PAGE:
she thinks that the work at the stasi headquarters will continue until at least 2019 -- at the stasi archives. >> if stasi spies found what they thought was subversive, it could be fatal. many were tortured. one of the most notorious prisons was one compound. one man now tells his stories on tours to gives to visitors. >> looking at these walls for him means looking back at the worst time of his life, time spent at the stasi prison. he applied to leave the country and make contact with deployments, and that was tantamount to treason. after several days of solitary
confinement, he was put in a cell with three other inmates. >> in this section, there were two bunk beds. but you were not allowed to go into that part during the day. so the four of us could only go from the door to hear all day long -- to here all day long. >> guards patrolled, and they had to sleep on their backs with their hands and visible. anyone who turned over was woken. he spent only three months here, but it is a period that has shaped his life. he and other inmates had been working for years to ensure that the horrors inflicted by buthe stasi are not forgotten, and they have won their battle to have a memorial set up here.
>> i experienced many terrible things, and then i see what is happening today and people playing down what happened in east germany, and i consider it my obligation and duty by telling people. it was an unjust regime. >> but there is a dispute over how the history of the prison should be conveyed. he would want the building kept as it was as much as possible. with the help of witnesses from the time, he is believe that is the best way to convey the truth, but there are other proposals to widen the scope of the memorial to other aspects of the former east and so to provide a broader background to the history of the stasi. the head of the stasi archives in one. -- in one area. >> we wanted to be very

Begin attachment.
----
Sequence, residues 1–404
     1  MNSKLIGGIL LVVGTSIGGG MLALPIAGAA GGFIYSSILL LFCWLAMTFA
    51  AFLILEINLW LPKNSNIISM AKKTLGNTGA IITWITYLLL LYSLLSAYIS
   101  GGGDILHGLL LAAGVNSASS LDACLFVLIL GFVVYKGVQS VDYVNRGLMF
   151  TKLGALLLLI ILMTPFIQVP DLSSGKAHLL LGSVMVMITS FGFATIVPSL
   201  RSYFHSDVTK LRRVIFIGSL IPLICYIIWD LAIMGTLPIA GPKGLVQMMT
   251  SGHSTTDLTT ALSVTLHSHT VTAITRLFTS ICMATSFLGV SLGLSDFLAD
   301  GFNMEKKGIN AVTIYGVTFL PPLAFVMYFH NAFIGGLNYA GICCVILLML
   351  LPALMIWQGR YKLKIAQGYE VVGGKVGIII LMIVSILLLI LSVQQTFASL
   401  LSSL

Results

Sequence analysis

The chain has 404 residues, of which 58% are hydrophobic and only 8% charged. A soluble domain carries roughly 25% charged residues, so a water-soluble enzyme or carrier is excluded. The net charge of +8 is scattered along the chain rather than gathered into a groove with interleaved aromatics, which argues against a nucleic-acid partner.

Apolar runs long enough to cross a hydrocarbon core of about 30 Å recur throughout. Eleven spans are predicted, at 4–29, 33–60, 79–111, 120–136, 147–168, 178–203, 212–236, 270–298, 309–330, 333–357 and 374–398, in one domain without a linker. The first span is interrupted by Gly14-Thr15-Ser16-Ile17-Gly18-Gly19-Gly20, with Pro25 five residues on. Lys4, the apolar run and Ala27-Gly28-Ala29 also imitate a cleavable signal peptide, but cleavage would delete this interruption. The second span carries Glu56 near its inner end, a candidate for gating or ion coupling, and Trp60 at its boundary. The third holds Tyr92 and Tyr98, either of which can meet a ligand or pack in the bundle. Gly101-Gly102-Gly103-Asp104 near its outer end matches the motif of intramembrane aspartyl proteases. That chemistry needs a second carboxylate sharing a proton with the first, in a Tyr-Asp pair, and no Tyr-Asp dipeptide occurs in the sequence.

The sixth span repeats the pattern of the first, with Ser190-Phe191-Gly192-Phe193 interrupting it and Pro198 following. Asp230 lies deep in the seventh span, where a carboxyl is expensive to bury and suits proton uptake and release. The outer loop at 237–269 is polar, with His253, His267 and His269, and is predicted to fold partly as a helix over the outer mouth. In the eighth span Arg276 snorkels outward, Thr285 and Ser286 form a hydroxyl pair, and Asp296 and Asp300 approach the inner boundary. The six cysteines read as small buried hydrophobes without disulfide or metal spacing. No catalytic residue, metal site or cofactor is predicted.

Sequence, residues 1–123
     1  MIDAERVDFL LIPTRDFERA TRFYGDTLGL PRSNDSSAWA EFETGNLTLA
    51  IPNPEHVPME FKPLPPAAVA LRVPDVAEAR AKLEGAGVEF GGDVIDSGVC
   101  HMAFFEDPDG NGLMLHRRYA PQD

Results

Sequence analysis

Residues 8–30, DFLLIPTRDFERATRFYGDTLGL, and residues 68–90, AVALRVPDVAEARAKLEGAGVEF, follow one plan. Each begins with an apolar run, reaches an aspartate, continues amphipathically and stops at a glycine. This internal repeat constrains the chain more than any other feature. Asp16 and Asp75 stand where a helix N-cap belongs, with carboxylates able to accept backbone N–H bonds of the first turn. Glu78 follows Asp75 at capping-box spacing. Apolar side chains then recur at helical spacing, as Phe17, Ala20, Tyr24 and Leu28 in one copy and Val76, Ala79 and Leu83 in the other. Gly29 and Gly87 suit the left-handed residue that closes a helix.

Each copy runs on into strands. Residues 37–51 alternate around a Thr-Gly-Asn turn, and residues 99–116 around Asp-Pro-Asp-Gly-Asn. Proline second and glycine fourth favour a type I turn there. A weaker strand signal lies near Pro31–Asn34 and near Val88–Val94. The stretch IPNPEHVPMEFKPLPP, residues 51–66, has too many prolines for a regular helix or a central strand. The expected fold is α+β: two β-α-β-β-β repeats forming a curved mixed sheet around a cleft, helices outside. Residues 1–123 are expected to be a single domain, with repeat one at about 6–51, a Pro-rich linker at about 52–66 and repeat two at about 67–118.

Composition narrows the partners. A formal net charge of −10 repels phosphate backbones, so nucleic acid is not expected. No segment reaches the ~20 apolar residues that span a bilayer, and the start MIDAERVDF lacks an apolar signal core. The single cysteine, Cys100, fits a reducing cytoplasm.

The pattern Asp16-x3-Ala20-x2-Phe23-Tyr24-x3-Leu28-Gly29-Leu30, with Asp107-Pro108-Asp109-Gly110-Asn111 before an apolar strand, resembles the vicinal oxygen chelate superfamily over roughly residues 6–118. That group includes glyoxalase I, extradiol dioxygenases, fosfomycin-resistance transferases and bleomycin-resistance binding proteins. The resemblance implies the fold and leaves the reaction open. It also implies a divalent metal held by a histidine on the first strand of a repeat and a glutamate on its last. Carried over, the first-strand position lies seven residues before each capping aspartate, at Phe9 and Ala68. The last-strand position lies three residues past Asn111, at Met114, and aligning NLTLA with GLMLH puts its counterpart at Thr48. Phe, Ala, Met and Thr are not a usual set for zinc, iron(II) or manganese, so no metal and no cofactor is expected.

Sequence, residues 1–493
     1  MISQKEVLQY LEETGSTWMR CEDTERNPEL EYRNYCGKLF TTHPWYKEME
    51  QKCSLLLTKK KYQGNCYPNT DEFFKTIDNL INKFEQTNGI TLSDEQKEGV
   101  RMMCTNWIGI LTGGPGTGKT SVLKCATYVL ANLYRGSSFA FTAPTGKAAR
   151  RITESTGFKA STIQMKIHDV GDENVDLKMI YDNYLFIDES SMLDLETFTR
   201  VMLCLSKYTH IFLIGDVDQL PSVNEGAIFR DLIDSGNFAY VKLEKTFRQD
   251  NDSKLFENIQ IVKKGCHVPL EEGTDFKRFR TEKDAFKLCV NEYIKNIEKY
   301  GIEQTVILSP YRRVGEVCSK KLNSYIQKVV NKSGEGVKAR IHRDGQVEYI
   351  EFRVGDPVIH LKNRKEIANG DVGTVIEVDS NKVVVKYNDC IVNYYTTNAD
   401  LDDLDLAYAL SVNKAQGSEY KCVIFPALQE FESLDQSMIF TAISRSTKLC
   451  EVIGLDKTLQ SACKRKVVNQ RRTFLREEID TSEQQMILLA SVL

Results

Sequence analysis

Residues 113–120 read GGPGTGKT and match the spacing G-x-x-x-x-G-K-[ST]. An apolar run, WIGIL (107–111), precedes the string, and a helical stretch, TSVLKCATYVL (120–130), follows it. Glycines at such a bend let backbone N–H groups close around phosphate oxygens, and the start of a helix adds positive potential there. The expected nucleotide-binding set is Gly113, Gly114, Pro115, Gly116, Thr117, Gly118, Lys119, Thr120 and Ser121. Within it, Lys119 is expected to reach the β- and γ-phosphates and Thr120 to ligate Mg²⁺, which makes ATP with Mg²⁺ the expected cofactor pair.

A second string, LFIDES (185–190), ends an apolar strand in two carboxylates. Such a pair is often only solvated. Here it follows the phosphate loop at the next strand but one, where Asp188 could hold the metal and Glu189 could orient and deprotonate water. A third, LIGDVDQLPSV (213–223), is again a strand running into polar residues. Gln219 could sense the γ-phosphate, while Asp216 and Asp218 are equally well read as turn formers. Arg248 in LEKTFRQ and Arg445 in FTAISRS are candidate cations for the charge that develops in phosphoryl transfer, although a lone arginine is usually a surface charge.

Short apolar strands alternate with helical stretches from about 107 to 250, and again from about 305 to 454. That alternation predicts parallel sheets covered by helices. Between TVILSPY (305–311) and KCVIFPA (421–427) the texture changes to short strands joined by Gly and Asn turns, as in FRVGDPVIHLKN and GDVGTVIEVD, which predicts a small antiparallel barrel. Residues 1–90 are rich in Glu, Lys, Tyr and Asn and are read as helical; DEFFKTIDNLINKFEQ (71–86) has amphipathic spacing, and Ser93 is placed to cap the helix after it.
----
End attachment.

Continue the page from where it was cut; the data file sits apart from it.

objective, very cognitive, without any emotions, because that could be too emotional -- we want it to be very objective. a history " could only work if the facts convey also have an emotional foundation -- the history could only work. >> and as an ex-inmate he wants to provide that emotional foundation. >> if you give a complete the generic theme to this specific building, then the whole character of it is blurred, and the only people who would be glad about that are those who we annoyed with what we do, the former stasi officials. >> so he is pressing ahead to keep it in its original state, to honor and remember the thousands of inmates who wished they had never been here.